Sunday, January 4, 2015
bullous disease of skin
Vesicular and Bullous type skin diseases
Erythema multiforme is not as a rule difficult to diagnose, but the vesicular and bullous type may have to be distinguished from pemphigoid. Erythema multiforme occurs in a much younger age group and is a more obviously centrifugal disease, affecting the hands and feet, elbows, knees and neck. Cases with small vesicles may cause confusion with dermatitis herpetiformis. In the latter disease the eruption tends to be less symmetrical, has less tendency to be limited to the extremities, irritates much more, and is often accompanied by an eosinophilia. Cases with the eruption chiefly on the face may be confused with lupus erythematosus . In this disease, however, the nose and ears are often affected and the follicles on the affected part are filled with little horny plugs which give the skin a stippled appearance. Lupus erythematosus usually follows a, very chronie course while erythema multiforme is essentially an acute disease.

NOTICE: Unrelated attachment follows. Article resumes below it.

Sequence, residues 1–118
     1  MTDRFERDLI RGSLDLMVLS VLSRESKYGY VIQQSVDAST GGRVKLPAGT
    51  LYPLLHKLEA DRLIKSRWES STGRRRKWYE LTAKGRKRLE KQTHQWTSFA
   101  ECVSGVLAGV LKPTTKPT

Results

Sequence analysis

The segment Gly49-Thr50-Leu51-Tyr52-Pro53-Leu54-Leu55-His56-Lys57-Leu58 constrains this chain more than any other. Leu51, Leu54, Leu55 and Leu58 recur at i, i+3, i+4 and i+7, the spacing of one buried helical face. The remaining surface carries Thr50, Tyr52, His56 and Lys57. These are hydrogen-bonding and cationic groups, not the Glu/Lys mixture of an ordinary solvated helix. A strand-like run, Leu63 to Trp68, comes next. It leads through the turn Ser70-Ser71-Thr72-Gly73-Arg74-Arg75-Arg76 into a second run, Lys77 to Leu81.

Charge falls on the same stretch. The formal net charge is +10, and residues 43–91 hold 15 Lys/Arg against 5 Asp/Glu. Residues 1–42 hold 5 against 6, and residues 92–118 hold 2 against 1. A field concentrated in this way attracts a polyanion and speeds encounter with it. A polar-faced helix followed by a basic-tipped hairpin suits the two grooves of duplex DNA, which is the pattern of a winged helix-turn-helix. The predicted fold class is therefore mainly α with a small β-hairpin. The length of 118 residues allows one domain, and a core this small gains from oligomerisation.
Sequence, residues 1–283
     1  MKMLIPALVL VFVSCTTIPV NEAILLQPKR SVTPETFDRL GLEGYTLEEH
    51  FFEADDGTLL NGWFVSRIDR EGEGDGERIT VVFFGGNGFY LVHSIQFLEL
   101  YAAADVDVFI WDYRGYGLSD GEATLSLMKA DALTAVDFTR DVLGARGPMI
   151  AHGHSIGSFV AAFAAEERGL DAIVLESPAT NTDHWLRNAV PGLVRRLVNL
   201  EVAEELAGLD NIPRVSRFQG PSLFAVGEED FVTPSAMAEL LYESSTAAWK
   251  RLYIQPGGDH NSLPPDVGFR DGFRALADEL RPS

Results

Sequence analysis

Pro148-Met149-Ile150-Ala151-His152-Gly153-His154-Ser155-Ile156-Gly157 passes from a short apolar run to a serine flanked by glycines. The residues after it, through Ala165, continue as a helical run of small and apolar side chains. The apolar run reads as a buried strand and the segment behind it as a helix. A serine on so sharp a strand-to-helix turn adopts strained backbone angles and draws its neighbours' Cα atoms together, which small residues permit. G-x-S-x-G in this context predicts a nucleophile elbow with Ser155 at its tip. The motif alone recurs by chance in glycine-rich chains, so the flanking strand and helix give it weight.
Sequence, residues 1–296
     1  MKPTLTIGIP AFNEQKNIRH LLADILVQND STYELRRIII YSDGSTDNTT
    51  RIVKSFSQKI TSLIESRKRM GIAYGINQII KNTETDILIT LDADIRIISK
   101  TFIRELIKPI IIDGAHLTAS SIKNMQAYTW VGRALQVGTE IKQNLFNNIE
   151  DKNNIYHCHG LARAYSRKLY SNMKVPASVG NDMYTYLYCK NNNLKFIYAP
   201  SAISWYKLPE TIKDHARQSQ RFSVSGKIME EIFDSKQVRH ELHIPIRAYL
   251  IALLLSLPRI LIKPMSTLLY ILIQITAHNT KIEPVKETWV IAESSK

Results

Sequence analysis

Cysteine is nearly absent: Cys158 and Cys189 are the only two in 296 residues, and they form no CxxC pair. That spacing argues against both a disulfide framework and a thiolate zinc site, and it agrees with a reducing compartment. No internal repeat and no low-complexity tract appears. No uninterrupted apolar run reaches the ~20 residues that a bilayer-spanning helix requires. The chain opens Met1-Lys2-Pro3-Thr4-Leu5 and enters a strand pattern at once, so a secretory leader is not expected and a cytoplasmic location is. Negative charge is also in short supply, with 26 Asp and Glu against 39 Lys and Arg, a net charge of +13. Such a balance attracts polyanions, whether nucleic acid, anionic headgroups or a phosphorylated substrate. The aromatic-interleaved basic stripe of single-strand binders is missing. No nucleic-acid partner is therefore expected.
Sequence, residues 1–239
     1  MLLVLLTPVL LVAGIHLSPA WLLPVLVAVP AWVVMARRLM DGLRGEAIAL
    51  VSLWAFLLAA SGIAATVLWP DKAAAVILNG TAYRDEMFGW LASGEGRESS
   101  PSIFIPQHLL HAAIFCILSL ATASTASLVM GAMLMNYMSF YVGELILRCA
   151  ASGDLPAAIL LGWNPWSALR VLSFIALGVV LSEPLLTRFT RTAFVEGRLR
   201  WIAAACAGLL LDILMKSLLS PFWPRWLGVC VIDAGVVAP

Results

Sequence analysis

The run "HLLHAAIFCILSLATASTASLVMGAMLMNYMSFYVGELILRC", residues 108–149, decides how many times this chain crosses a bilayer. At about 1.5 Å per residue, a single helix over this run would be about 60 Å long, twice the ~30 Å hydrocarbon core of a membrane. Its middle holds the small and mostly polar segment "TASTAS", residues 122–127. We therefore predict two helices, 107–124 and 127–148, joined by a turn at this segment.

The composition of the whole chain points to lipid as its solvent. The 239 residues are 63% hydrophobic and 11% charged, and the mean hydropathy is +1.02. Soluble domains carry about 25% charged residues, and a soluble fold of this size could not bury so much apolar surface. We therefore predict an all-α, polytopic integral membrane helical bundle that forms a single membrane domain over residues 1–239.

Prognosis. The eruption will probably disappear in two to three weeks leaving no scars, but it is very liable to recur.
Every effort should be made by means of a careful history and thorough general examination to find a cause and this should then be treated. Little else can be done and no drug has any specific effect in the condition. When the mucous membranes are involved, especially those in the eye, local or systemic antibiotics may be needed to control secondary infection. Steroid hormones given systematically appear to be helpful in certain of the severe bullous and mucosal cases.